Resources for People with Intellectual and Developmental Disabilities

This is a stressful time and we know this must be scary and confusing for you. It is for all of us. The best thing is for you to understand how to keep yourself healthy. You will also be asked to stay at home much more and maybe all the time. But this won’t last forever and we will give you many ideas of how you can keep safe and busy during this time.

Dr. Clarissa Kripke, Director of the UCSF Office of Developmental Primary Care, advises:

“Protecting yourself when you are out is possible if you know how coronavirus is, and is not spread. It can enter through your mouth, nose or eyes. It is spread in droplet nuclei (tiny spit and mucous droplets) that are heavy, and don’t travel more than 6 feet. If someone more than 6 feet away speaks, coughs or sneezes, it is unlikely to be a risk to you as long as you don’t touch surfaces where their mucous or saliva might have landed. If you do get closer or touch something that may be contaminated, don’t touch your face without washing your hands.

The virus doesn’t go through walls, doors or ventilation systems. It doesn’t infect water supplies. The virus isn’t hard to kill. Any disinfectant will work to clean surfaces and soap and water or hand sanitizer works fine for hands It doesn’t need to be anything fancy or industrial grade. Three tablespoons of chlorine bleach in a quart of water is cheap, easy to find, and will work fine. You can clean surfaces before touching them and use tissues as a barrier when touching things that other people have probably touched such as door knobs, poles on the subway, rails, and elevator buttons. We don’t know exactly how long it can live on a surface—hours to a few days.

It does not go through skin. It is not spread through food chains. Reheating takeout food will eliminate any remote risk posed by someone sneezing on your dinner. And if you are washing as much as you should, your skin will dry out. Use a moisturizer frequently to prevent skin breakdown.”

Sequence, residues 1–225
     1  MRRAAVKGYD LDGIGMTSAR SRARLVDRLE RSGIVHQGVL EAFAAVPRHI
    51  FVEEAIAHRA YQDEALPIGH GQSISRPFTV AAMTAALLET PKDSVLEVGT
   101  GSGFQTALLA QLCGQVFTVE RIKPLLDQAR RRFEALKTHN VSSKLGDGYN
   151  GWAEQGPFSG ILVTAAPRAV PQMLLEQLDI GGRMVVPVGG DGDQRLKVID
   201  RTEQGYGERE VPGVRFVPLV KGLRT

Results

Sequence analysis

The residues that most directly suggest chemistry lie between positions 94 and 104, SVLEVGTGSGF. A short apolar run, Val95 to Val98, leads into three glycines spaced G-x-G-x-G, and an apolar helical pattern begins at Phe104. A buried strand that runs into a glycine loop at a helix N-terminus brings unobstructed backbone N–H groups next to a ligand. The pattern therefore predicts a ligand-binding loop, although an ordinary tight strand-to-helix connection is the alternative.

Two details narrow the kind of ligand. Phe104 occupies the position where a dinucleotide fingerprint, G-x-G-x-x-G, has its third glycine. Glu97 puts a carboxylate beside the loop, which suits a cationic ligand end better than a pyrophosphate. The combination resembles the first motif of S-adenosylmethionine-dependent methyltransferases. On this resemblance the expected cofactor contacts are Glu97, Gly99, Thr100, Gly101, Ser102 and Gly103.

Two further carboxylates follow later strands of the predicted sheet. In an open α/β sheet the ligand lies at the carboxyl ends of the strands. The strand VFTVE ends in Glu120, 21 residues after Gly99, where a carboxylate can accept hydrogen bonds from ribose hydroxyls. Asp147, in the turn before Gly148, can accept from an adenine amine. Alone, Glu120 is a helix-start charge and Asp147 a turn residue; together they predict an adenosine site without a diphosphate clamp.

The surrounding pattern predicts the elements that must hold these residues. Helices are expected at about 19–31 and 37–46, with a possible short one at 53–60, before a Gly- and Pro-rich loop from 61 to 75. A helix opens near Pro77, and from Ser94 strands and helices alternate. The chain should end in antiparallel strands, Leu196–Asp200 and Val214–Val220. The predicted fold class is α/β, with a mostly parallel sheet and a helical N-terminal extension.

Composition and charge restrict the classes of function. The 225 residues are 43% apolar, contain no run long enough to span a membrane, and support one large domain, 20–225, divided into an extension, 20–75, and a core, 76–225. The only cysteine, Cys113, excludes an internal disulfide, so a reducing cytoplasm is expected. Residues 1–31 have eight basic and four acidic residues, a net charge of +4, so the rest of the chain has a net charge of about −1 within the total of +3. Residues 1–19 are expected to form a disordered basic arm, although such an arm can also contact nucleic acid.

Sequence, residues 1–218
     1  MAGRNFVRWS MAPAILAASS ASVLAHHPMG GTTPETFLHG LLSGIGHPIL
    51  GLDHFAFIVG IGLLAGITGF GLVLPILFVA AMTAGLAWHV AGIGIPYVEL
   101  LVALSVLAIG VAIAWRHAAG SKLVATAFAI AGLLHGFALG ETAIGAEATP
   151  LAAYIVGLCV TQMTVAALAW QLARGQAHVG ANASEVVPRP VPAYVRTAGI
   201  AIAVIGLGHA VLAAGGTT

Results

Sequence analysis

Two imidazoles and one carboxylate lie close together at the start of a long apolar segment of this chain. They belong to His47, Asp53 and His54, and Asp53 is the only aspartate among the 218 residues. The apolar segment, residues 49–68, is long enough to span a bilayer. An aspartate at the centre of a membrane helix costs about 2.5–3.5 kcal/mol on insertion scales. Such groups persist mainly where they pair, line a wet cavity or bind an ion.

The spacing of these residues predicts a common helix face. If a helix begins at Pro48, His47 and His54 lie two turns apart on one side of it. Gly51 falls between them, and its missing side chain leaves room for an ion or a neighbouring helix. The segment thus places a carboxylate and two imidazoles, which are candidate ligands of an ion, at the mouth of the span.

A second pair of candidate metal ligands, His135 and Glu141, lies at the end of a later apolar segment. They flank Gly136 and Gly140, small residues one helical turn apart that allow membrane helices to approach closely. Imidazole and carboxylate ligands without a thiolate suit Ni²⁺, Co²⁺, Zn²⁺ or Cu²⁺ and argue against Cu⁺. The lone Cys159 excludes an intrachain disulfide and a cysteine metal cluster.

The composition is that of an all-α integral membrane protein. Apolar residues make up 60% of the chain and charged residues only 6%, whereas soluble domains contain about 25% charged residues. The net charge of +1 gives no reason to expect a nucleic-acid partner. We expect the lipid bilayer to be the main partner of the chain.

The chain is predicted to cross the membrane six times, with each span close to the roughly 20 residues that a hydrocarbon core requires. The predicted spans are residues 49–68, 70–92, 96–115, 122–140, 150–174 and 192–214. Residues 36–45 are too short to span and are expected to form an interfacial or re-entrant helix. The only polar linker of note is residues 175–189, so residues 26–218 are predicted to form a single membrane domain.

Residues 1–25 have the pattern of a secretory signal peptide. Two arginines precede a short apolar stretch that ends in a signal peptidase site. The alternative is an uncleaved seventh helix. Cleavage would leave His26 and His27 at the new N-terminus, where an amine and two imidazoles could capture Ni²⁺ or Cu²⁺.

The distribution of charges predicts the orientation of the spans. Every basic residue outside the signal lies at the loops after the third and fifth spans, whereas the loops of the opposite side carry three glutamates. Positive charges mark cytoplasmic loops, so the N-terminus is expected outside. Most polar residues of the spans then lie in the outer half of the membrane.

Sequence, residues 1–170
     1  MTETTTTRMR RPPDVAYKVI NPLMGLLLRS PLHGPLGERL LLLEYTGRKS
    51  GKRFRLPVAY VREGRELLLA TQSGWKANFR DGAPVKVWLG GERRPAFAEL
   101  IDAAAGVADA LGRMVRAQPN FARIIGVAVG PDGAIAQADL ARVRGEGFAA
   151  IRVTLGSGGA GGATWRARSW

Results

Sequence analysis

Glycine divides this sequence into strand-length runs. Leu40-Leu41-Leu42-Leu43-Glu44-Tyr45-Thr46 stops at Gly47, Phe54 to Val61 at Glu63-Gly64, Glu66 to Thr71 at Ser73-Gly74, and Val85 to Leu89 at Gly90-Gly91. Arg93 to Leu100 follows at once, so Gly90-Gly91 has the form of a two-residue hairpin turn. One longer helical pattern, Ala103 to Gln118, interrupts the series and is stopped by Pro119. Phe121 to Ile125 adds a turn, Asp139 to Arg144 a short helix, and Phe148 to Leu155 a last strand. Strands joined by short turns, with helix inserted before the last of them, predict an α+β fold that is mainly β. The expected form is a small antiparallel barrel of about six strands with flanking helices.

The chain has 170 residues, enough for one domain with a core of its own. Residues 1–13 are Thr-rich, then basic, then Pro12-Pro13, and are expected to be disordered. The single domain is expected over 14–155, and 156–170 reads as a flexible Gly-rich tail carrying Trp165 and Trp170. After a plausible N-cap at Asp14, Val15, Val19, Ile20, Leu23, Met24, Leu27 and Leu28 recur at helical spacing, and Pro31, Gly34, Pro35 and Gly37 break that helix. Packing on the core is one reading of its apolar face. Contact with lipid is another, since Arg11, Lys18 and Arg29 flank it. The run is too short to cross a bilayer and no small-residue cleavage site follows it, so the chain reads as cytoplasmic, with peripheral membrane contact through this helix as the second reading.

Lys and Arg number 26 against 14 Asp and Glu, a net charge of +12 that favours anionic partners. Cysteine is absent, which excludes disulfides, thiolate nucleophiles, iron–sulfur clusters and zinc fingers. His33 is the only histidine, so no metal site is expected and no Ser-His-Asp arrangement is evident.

Several agencies have created plain language documents and videos to explain what Coronavirus is and how to keep safe for people with intellectual and developmental disabilities.

COVID-19 Prevention Recommendations from the State Council on Developmental Disabilities

California Department of Public Health – Protect Yourself and Loved Ones

The Green Mountain Self-Advocates in Vermont have produced information written by people with developmental disabilities.

The WITH Foundation has an interview with Dr. Clarissa Kripke of the San Francisco Office of Developmental Primary Care about COVID-19 and people with disabilities.

The American Public Health Association has developed videos for people with disabilities:

Hand Washing:

Sneezing and Coughing:

Disability Voices United has developed a video on making a quick fabric mask out of a bandanna and hair ties:

The California State Council on Developmental Disabilities has a series of 4 videos on the coronavirus by and for self-advocates.

The Autism Educator has developed a social story that can be adapted.

Carol Gray has a social story on Coronavirus.

BrainPop has a movie that helps explain Coronavirus:

June Isaacson Kailes provides Tips for Emergency Use of Mobile Devices.

Your legal and civil rights follow you into the hospital. CommunicationFirst has created a COVID-19 Communication Rights Toolkit.

Prepare For Your Care has created an Advanced Healthcare Directive for California that you can use to prepare in case you get very sick, have to go to the hospital, and cannot make decisions for yourself. This form lets you pick someone to make decisions for you. It also lets you tell that supporter what you would want in different medical situations ahead of time.

The Health and Human Services agency of the State of California has issued a letter stating people with physical, intellectual, and developmental disabilities can bring 1 supporter in to the hospital during this time period:

The presence of a support person is essential to patients with physical, intellectual, and/or developmental disabilities and patients with cognitive impairments. CDPH recommends that one support person be allowed to be present with the patient when medically necessary.

For hospitalized patients, especially with prolonged hospitalization, the patient or family/patient representative may designate two support people, but only one support person may be present at a time. 

All support persons must stay in the room and be asymptomatic for COVID-19 and not be a suspected or recently confirmed case. Support persons may be screened prior to entering the clinical areas. Support persons must comply with any health facility instructions on personal protective equipment.”

Health and Human Services All-Facilities Letter

If you live in Los Angeles and are having trouble paying rent, have lost your job, or if you’re not safe, LA Represents wants to help. They are working to connect Los Angelenos with free legal assistance.

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